Access's new user interface is fast, functional, and intuitive. It puts power at your fingertips by displaying commands and options when and where you need them, yet at the same time, leaves you in control with the capability to resize, customize, and hide at will.
Most of the new features fall into more specific categories discussed later in this chapter and book. But there are a few crosscutting features that really help define the new look and feel of Access. Getting Started, the Ribbon, and tabbed windows help set the foundation for the other new features. So let's explore them.
Upon opening Access, users are greeted by an intuitive graphical interface that displays links to a new database, recent files, and the template groups. Clicking on a template group—personal, business, or educational—displays related templates. When a template is chosen, the pane on the right prompts and guides the user through downloading the file or creating the database and linking it to a SharePoint site. There'll be more about SharePoint shortly. For now, suffice it to say that the program walks the user through creating the file and the links, and it prompts you to create a backup copy of the database on the SharePoint site.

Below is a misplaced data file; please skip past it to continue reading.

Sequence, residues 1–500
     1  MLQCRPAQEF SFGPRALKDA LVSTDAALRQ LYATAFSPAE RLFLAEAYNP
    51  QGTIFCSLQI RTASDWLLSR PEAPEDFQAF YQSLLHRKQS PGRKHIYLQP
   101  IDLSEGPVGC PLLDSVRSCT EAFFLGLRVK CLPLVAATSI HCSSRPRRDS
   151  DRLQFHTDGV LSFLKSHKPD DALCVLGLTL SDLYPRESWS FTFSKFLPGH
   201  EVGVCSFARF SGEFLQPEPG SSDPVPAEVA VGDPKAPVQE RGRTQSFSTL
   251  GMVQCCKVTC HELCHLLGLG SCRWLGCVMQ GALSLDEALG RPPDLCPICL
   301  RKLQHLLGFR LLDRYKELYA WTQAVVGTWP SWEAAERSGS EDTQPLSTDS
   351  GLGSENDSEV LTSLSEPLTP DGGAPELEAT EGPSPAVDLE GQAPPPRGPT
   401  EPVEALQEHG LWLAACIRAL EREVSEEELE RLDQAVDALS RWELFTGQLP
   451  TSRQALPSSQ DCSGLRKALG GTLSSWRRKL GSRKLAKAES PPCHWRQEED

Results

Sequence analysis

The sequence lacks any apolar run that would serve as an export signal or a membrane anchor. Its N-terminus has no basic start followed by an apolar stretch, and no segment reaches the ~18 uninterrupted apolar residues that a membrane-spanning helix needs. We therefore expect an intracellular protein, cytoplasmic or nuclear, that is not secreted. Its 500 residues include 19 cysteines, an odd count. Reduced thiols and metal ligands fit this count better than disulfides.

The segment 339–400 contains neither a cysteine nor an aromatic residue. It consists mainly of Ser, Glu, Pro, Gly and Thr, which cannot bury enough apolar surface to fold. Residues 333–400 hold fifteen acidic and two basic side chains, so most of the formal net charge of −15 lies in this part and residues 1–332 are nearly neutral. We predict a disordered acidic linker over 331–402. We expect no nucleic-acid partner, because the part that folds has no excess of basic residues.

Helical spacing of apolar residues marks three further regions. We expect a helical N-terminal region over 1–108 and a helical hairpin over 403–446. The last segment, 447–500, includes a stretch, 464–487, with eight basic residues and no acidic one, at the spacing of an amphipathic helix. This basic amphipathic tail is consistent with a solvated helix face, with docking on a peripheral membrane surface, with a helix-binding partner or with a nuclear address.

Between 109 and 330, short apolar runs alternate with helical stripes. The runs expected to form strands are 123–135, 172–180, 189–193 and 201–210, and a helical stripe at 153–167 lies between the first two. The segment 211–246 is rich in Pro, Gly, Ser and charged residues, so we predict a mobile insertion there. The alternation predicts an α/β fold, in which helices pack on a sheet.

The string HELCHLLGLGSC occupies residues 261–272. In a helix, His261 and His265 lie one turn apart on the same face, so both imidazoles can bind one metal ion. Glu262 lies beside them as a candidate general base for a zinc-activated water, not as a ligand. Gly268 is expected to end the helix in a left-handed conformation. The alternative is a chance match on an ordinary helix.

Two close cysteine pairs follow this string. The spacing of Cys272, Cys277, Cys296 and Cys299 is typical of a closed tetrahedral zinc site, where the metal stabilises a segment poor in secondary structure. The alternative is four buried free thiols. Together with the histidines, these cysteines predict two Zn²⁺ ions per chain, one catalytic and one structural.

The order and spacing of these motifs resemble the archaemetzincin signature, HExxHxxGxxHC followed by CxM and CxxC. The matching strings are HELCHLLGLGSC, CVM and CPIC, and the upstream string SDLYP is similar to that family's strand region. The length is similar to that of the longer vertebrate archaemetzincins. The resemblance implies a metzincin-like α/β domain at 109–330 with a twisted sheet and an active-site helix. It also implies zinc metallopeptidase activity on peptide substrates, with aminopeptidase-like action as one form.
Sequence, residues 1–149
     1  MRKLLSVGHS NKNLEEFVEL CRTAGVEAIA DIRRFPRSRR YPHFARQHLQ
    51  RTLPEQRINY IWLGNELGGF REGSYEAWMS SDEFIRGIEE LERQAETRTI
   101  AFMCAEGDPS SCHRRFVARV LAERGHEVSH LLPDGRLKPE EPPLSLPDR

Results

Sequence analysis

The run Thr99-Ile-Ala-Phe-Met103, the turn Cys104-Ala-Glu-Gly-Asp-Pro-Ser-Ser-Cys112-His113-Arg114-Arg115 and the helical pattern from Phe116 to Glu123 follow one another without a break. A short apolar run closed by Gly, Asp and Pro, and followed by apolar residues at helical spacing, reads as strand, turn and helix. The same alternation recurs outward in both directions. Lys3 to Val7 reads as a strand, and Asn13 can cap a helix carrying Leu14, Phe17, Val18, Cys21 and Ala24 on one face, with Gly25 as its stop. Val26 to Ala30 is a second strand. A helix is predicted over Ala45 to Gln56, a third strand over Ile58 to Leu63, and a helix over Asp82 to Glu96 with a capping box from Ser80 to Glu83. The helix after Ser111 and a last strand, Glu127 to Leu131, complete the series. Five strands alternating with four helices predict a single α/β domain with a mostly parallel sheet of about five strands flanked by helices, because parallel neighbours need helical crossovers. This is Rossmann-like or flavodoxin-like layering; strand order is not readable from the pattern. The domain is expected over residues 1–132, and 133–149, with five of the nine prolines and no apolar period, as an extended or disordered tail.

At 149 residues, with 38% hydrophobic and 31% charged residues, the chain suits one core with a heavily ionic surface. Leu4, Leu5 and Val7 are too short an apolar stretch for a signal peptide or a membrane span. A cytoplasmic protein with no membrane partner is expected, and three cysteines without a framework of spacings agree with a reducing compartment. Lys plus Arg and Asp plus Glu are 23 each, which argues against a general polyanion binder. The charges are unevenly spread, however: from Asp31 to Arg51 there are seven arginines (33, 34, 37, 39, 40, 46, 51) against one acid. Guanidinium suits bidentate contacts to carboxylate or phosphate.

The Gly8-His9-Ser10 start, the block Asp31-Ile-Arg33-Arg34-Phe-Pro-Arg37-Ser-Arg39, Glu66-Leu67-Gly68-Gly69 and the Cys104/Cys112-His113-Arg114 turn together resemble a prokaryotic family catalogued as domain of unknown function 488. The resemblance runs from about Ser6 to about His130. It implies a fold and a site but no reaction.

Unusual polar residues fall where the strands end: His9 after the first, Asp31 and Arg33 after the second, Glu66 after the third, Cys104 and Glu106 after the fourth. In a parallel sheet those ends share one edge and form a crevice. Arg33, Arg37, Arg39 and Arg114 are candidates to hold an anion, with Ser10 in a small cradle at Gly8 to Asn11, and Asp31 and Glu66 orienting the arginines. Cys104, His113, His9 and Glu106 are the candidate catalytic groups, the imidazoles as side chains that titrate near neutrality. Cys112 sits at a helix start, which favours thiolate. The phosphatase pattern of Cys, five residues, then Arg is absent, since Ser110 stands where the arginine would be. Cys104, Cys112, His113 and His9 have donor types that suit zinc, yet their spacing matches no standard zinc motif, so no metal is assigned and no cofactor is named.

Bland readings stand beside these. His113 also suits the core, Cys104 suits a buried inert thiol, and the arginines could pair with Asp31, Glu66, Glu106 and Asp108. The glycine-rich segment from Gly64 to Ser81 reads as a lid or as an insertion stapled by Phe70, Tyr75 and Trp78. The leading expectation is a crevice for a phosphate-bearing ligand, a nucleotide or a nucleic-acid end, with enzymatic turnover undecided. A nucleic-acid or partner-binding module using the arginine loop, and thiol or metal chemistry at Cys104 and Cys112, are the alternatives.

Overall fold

If a new database is selected, the user is prompted to save the file. As soon as the file is saved, the database opens to a new table ready to accept data, and the user can immediately start typing input. The Ribbon shows appropriate ...